©picture by scribbles (Marye McKenney)

Tuesday, August 4, 2015

Through Waters Deep

When I pick up a Sarah Sundin book, I always have trouble deciding how to read it. I mean, I do know how to read, but Sarah's books are so good that I don't know whether to read slowly and savor each scene and each character or to read it fast because I just can't put it down. Generally, I read them rather quickly because I just can't put them down. It's just the way it is.

So, Mary Stirling is living in Boston and working for the Navy Ship Yard where they are building the battle ships and destroyers for the U S Navy prior to World War II. She happens to see Jim Avery, a guy she went to high school with, who is now stationed out of Boston on the destroyer Atwood. When sabotage begins to show up--like gasoline in a champagne bottle for a launching, a bomb in a compartment in the communications room on the Atwood, people framing one another for the sabotage incidents--those things get Mary's "Nancy Drew" interest. Because she can take shorthand dictation at 200 words per minute, she starts keeping notes on conversations and impressions and then turning those notes in to the FBI agents who are investigating the sabotage.

I have to admit I am rather jealous of Mary's shorthand prowess, as I only reached 120 wpm and I rarely use it anymore. But that's a different tale for a different time.

Through Deep Waters is one of those novels that teaches spiritual truths when you really aren't paying attention. When another friend from high school moves in with Mary and her roommate, Mary remembers the crush Jim had on this friend and sacrifices her growing love for Jim so this friend can have her chance at true love with him. Jim is put into a couple of situations where he has to consider the greater good in choosing his actions in the particular situations--in one he chooses many lives over one man's fingers, in another he chooses to rescue several men's lives in spite of direct orders not to.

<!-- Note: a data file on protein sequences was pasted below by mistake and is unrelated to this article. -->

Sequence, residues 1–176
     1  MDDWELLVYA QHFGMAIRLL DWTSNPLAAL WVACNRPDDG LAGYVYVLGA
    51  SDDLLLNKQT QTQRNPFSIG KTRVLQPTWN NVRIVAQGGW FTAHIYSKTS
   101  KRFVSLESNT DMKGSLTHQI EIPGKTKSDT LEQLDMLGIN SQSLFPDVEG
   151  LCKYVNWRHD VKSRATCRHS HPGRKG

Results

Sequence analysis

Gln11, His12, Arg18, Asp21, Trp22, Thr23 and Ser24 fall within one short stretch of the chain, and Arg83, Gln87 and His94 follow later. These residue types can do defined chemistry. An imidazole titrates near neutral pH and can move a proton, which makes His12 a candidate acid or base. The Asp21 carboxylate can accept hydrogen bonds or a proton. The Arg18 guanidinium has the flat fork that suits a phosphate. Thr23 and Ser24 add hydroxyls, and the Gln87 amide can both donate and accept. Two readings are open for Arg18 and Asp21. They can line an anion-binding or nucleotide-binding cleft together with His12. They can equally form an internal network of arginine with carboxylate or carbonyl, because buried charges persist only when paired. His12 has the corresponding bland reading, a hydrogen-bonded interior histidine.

I had a few surprises in how my expectations were fulfilled or not. Jim's friend Arch is from a rather wealthy family and wants to meet a girl who loves him for himself and not his money. I had a girl from the book picked out for him, but Sarah surprised me. I can't wait for the next book to see how this one works out.

I love Sarah's writings, partially because my father and many of my uncles served during World War II and the part of history they lived is fascinating to me. I love Sarah's writings because she's got a good grasp of the trade--she pulls characters, settings, and plots together in a cohesive reading extravaganza. If I had a bucket list of authors I'd want to meet in person, Sarah would be at the top!

Five Stars, Two Thumbs Up, and a Nancy Drew novel to help you hone your investigative skills.

1 comment:

  1. Becky - thank you so much for the wonderful review! I'm so glad you enjoyed Jim & Mary's story!